Types of Credit Cards
Whether you have excellent credit or you’re still working to improve your credit score, you can find a card that’s right for you.
Here are some types of credit cards to consider:
- Cash Back Credit Cards. Depending on the card, cash back credit cards can reward everyday spending on things like groceries, gas, dining and entertainment. For every qualifying purchase, you earn back a percentage of what you spend. And then you can redeem those rewards in various ways, depending on the card issuer.
- Travel Rewards Credit Cards. When you use a travel credit card, you might earn the most rewards for travel-related purchases. But depending on the type of travel credit card, some offer good rewards rates on general purchases too. Then, you can generally redeem those rewards for travel expenses like flights and hotels. Keep in mind that some travel cards are co-branded, meaning they’re tied to a specific airline or hotel. And you might only be able to redeem rewards at those places. Cards that aren’t co-branded might offer more flexibility when it comes to earning and redeeming rewards.
- Secured Credit Cards. If you’re new to credit or rebuilding it, a secured credit card may be an option. With a secured card, you put down a security deposit that’s held by the card issuer as collateral. Then, you can use the card just like you would any other. And you could earn the deposit back by using your card responsibly or when you close the account and pay your balance in full.
- Student Credit Cards. Student credit cards are often tailored to the college crowd. They may be easier to qualify for than many other credit cards and often offer benefits that are relevant to students. Student credit cards can help build credit history and encourage financial independence. But that’s only when they are used responsibly.
These are just some of the types of credit cards out there. There are also business credit cards, cards with no annual fee, cards that offer low or 0% introductory rates and more.
Choosing the Right Credit Card for You
Now that you know more about the different types of credit cards, you might be wondering: How do I choose the right card for me?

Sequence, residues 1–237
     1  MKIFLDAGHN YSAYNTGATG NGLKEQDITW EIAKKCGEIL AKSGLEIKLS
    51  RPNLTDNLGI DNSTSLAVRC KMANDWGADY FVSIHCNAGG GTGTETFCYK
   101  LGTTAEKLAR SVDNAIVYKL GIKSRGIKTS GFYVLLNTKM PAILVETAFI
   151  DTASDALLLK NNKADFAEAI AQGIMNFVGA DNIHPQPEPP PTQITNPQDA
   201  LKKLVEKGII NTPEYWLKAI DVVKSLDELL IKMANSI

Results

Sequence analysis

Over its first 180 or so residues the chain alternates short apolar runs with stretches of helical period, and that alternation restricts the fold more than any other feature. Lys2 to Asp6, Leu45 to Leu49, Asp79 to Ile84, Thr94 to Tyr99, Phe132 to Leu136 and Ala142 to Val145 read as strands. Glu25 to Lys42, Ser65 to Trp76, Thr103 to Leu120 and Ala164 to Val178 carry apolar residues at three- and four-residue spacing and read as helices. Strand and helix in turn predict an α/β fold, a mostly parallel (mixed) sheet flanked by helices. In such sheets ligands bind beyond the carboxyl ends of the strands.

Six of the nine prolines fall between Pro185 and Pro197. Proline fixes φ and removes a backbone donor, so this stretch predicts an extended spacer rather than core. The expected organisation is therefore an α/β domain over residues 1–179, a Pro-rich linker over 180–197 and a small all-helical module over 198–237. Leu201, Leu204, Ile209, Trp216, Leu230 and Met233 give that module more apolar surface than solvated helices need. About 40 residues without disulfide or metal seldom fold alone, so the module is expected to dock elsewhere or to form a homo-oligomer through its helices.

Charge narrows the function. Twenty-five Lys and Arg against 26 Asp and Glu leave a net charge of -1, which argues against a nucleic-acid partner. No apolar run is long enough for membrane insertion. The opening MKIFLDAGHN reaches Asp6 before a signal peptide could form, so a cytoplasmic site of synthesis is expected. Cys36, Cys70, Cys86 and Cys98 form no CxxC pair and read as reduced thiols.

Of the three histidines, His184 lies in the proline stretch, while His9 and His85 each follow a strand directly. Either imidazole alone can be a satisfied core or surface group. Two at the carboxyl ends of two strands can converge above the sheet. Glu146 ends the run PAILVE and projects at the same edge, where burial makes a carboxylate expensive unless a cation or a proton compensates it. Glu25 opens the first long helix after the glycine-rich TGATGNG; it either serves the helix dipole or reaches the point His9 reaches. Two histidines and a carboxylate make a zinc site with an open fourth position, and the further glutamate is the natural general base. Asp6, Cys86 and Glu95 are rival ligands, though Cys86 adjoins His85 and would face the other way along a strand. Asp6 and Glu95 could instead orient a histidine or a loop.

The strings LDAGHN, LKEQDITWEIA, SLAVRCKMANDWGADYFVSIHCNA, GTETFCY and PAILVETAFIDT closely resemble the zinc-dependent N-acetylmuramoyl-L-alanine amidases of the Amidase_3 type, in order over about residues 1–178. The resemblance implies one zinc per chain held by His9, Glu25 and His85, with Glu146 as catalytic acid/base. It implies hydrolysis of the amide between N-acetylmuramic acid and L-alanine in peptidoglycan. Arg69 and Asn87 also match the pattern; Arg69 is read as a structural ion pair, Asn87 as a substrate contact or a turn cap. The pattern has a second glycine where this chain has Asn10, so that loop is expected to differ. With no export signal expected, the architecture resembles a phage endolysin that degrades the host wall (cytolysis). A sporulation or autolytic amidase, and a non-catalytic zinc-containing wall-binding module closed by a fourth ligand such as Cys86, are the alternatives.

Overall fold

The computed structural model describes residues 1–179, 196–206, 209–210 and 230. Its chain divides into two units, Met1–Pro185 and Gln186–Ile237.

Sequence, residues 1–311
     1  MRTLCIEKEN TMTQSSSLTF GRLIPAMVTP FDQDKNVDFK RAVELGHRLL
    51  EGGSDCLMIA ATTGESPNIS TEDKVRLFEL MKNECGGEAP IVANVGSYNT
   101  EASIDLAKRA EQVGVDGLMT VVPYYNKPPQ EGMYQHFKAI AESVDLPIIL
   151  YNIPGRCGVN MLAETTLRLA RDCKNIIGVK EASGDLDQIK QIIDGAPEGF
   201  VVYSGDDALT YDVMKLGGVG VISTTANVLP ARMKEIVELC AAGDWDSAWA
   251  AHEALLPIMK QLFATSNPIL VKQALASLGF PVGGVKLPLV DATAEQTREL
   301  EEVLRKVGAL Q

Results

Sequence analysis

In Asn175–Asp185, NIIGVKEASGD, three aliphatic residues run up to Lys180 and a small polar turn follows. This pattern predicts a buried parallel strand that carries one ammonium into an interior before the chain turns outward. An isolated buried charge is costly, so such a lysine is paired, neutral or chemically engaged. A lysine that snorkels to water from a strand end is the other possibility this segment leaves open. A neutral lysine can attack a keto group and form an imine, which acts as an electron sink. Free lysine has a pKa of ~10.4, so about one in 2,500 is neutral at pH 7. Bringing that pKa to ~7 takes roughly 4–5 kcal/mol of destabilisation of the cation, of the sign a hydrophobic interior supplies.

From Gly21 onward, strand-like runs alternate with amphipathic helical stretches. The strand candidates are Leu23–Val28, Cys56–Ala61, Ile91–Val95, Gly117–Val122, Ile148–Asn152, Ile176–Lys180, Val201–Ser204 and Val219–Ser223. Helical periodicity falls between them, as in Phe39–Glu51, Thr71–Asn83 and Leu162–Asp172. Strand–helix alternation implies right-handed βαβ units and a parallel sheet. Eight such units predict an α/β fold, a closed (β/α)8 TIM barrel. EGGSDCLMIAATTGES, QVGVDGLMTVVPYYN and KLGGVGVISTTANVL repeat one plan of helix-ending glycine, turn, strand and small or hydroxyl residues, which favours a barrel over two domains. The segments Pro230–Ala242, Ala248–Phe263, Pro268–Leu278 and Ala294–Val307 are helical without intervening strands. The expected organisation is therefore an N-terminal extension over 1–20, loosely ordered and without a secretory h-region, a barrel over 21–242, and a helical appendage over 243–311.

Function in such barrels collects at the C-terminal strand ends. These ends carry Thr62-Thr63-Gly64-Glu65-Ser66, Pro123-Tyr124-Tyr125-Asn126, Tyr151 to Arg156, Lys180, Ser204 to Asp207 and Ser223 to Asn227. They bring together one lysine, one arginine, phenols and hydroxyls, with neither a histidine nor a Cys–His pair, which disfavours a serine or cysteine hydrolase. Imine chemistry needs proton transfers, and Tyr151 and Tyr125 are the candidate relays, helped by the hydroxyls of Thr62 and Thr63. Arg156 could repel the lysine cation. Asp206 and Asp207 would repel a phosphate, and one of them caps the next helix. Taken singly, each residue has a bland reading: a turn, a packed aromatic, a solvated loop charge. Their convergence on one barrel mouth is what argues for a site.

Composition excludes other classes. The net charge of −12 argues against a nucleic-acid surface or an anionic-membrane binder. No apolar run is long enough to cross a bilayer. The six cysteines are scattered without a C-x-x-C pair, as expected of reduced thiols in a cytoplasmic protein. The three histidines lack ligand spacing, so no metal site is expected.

First, it’s important to know that applying for credit cards can trigger hard inquiries into your credit. And too many hard inquiries in a short period of time can hurt your credit score. That’s why it’s important to do your research before you start applying for credit cards.
You might want to think about things like what cards match your credit score, APR, fees, whether you want to earn rewards and more. It’s also a good idea to make sure you understand the terms of any credit card you’re thinking of applying for.
Capital One has a credit card comparison tool that helps you search by credit requirements, rewards type and other factors to find the right credit card for you.
And with pre-approval from Capital One, you can find out if you’re eligible for a credit card before you even apply. It’s quick and won’t hurt your credit score.
Monitor Your Credit
Knowing how credit cards work is important. And so is knowing the importance of regularly monitoring your credit.
One way to monitor your credit is with CreditWise from Capital One. CreditWise gives you access to your free TransUnion® credit report and weekly VantageScore® 3.0 credit score any time. And using it won’t hurt your scores. You can even explore the potential impact of your financial decisions—before you make them—with the CreditWise Simulator.
CreditWise is free and available to everyone—even if you’re not a Capital One customer.
You can also get free copies of your credit reports from all three major credit bureaus—Equifax®, Experian® and TransUnion. Call 877-322-8228 or visit AnnualCreditReport.com to learn more. Keep in mind, there may be a limit on how often you can get your reports. You can check the site for more details.
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We hope you found this helpful. Our content is not intended to provide legal, investment or financial advice or to indicate that a particular Capital One product or service is available or right for you. For specific advice about your unique circumstances, consider talking with a qualified professional.
The information contained herein is shared for educational purposes only, and it does not provide a comprehensive list of all financial operations considerations or best practices.
Your CreditWise score is calculated using the TransUnion® VantageScore® 3.0 model, which is one of many credit scoring models. It may not be the same model your lender uses, but it can be one accurate measure of your credit health. The availability of the CreditWise tool depends on our ability to obtain your credit history from TransUnion. Some monitoring and alerts may not be available to you if the information you enter at enrollment does not match the information in your credit file at (or you do not have a file at) one or more consumer reporting agencies.
The CreditWise Simulator provides an estimate of your score change and does not guarantee how your score may change.